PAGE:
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Dynamic ultrasound in the evaluation of patients with suspected slipping rib syndrome

  • Dane Van TasselEmail author
  • Lisa E. McMahon
  • Monique Riemann
  • Kevin Wong
  • Craig E. Barnes
Scientific Article
  • 42 Downloads

Abstract

Objective

Slipping rib syndrome (SRS) affects adolescents and young adults. Dynamic ultrasound plays a potential and likely significant role; however, limited data exist describing the protocol and techniques available. It is our intent to describe the development of a reproducible protocol for imaging in patients with SRS.

Materials and Methods

Retrospective review of suspected SRS patients from March 2017 to April 2018. A total of 46 patients were evaluated. Focused history and imaging was performed at the site of pain. Images of the ribs were obtained in the parasagittal plane at rest and with dynamic maneuvers. Dynamic maneuvers included Valsalva, crunch, rib push maneuver, and any provocative movement that elicited pain. Imaging was compared with records from the pediatric surgeon specializing in slipping ribs. Statistical analysis was performed.

Results

Thirty-six of the 46 patients had a diagnosis of SRS, and had an average age of 17 years. Thirty-one patients were female, 15 were male. Thirty-one out of 46 (67%) were athletes. Average BMI was 22.6. Dynamic ultrasound correctly detected SRS in 89% of patients (32 out of 36) and correctly detected the absence in 100% (10 out of 10). Push maneuver had the highest sensitivity (87%; 0.70, 0.96) followed by morphology (68%; 0.51, 0.81) and crunch maneuver (54%; 0.37, 0.71). Valsalva was the least sensitive (13%; 0.04, 0.29).

Conclusion

Dynamic ultrasound of the ribs, particularly with crunch and push maneuvers, is an effective and reproducible tool for diagnosing SRS. Valsalva plays a limited role. In addition to diagnosing SRS, ultrasound can give the surgeon morphological data and information on additional ribs at risk, thereby assisting in surgical planning.

Keywords

Slipping rib syndrome Chest pain Rib pain Abdominal pain Dynamic ultrasound 

Notes

Compliance with ethical standards

Disclosures

This article is currently solely submitted for review as original research to Skeletal Radiology. This material is IRB approved and is the result of work supported with resources and the use of facilities at the Phoenix Children’s Hospital.

Conflicts of interest

The authors declare that they have no conflicts of interest.

Supplementary material

256_2018_3133_MOESM1_ESM.mp4 (863 kb)
Video 1. Scanning of normal cartilage morphology with the normal course and contour of the 7th and 8th ribs. (MP4 863 kb)
256_2018_3133_MOESM2_ESM.mp4 (439 kb)
Video 2. Scanning of abnormal cartilage morphology with an abnormal course of the 8th rib, which hooks deep to and underneath the 7th rib at rest. (MP4 439 kb)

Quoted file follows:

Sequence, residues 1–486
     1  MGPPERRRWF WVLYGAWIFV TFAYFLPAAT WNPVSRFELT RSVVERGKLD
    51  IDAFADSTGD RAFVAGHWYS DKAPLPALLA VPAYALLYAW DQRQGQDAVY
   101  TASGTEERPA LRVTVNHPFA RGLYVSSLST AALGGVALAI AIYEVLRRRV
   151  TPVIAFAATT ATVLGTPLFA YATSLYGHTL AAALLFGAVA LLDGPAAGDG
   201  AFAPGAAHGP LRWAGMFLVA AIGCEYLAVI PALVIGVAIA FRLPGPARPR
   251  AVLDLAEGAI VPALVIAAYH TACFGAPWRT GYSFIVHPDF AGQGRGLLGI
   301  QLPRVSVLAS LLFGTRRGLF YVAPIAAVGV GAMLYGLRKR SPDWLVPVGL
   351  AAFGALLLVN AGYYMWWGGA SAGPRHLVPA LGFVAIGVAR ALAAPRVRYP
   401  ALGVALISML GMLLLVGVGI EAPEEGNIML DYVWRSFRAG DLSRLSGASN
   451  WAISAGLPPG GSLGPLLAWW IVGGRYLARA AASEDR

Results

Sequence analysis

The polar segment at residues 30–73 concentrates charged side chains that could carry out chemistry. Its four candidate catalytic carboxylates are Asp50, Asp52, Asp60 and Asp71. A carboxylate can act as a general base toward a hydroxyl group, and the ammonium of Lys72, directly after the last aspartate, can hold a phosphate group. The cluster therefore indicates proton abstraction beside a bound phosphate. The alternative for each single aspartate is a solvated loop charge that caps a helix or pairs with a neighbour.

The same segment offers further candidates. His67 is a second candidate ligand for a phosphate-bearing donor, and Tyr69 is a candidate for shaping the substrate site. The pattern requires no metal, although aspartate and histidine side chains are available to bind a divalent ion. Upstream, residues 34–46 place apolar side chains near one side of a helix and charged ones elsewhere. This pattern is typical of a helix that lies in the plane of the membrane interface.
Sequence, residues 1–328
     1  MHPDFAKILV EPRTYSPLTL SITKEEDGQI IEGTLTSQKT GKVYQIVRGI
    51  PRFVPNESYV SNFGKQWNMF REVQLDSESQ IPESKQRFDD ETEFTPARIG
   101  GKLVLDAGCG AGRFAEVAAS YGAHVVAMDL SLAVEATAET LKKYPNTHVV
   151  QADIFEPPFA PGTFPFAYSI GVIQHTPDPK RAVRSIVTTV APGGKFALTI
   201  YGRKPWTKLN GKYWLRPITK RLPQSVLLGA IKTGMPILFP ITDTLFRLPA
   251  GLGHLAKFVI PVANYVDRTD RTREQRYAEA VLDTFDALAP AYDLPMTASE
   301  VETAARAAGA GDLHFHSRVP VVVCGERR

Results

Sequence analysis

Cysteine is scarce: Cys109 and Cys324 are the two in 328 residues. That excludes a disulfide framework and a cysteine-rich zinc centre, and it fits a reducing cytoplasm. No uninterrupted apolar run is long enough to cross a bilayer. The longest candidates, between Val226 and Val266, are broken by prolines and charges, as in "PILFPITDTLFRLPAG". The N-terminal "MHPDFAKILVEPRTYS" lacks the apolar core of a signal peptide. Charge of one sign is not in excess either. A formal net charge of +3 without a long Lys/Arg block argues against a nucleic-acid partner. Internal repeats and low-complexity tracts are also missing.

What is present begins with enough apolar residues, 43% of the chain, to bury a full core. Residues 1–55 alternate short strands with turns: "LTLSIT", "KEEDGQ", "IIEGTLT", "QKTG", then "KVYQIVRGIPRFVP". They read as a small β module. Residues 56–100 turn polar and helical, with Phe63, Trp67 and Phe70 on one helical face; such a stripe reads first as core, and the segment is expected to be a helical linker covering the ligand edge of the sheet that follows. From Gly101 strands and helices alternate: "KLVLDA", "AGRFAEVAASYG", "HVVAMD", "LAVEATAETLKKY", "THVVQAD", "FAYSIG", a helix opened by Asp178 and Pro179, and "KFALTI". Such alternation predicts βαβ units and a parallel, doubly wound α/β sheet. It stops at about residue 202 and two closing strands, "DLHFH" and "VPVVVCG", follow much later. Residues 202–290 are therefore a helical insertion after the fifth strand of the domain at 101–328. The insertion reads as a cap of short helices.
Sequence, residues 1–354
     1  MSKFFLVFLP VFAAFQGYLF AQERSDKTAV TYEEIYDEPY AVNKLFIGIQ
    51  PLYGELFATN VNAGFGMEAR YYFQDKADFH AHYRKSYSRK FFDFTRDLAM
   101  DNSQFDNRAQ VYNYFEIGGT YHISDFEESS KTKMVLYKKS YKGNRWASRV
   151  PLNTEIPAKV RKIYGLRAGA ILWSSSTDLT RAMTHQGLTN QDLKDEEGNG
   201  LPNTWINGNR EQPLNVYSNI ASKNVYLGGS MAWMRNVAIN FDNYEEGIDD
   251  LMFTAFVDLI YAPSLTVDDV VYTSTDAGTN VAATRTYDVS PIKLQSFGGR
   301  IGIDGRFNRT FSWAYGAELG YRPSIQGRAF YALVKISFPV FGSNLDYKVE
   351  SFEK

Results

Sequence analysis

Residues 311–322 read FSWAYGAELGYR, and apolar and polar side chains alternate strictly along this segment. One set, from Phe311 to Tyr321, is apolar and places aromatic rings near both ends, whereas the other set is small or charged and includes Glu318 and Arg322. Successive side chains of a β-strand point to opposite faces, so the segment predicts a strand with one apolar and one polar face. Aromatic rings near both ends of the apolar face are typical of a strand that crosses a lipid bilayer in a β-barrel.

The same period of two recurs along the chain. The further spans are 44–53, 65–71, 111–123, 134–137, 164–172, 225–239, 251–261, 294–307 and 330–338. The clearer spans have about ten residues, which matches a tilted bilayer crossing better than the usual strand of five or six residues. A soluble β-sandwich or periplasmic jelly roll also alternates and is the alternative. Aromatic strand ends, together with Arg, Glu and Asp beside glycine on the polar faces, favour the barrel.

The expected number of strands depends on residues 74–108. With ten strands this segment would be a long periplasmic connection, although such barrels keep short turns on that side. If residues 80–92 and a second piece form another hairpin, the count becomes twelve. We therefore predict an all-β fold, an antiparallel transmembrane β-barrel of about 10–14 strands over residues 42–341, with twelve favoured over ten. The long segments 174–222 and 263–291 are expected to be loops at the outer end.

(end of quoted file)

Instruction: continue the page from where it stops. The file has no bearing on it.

256_2018_3133_MOESM3_ESM.mp4 (1006 kb)
Video 3. Scanning of the normal motion of the 10th and 11th ribs during Valsalva maneuver. Note the normal mild contraction of the intercostal musculature and the maintenence of the normal position and relative relationship to the adjacent ribs. (MP4 1006 kb)
256_2018_3133_MOESM4_ESM.mp4 (749 kb)
Video 4. Scanning of an abnormal Valsalva of the 9th and 10th ribs. Note the abnormal hooked morphology of the 10th rib, which closely abuts the 9th rib on Valsalva. (MP4 749 kb)
256_2018_3133_MOESM5_ESM.mp4 (983 kb)
Video 5. Scanning of the normal motion of the 8th and 9th ribs during the crunch maneuver. Note the normal mild contraction of the intercostal musculature and maintenence of the normal position and relative relationship to the adjacent ribs. (MP4 982 kb)
256_2018_3133_MOESM6_ESM.mp4 (916 kb)
Video 6. Scanning of an abnormal crunch maneuver of the 8th and 9th ribs. Note the abnormal motion of the 9th rib, which moves deep to and underneath the adjacent 8th rib, contacting the rib and resulting in a palpable “click.” (MP4 916 kb)
256_2018_3133_MOESM7_ESM.mp4 (1.1 mb)
Video 7. Scanning of the normal motion of the 8th and 9th ribs during a rib push maneuver. Note the normal mild deep motion of the pushed rib, with maintenence of the normal position and relative relationship to the adjacent ribs. (MP4 1159 kb)
256_2018_3133_MOESM8_ESM.mp4 (1.2 mb)
Video 8. Scanning of an abnormal rib push maneuver of the 10th and 11th ribs. Note the abnormal at-rest position of the 11th rib. The rib push maneuver results in abnormal motion of the 11th rib, which moves deep to and underneath the adjacent 10th rib, contacting the rib and resulting in a palpable “click/pop.” (MP4 1200 kb)

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Copyright information

© ISS 2019

Authors and Affiliations

  • Dane Van Tassel
    • 1
    Email author
  • Lisa E. McMahon
    • 1
  • Monique Riemann
    • 1
  • Kevin Wong
    • 1
  • Craig E. Barnes
    • 1
  1. 1.Phoenix Children’s HospitalPhoenixUSA

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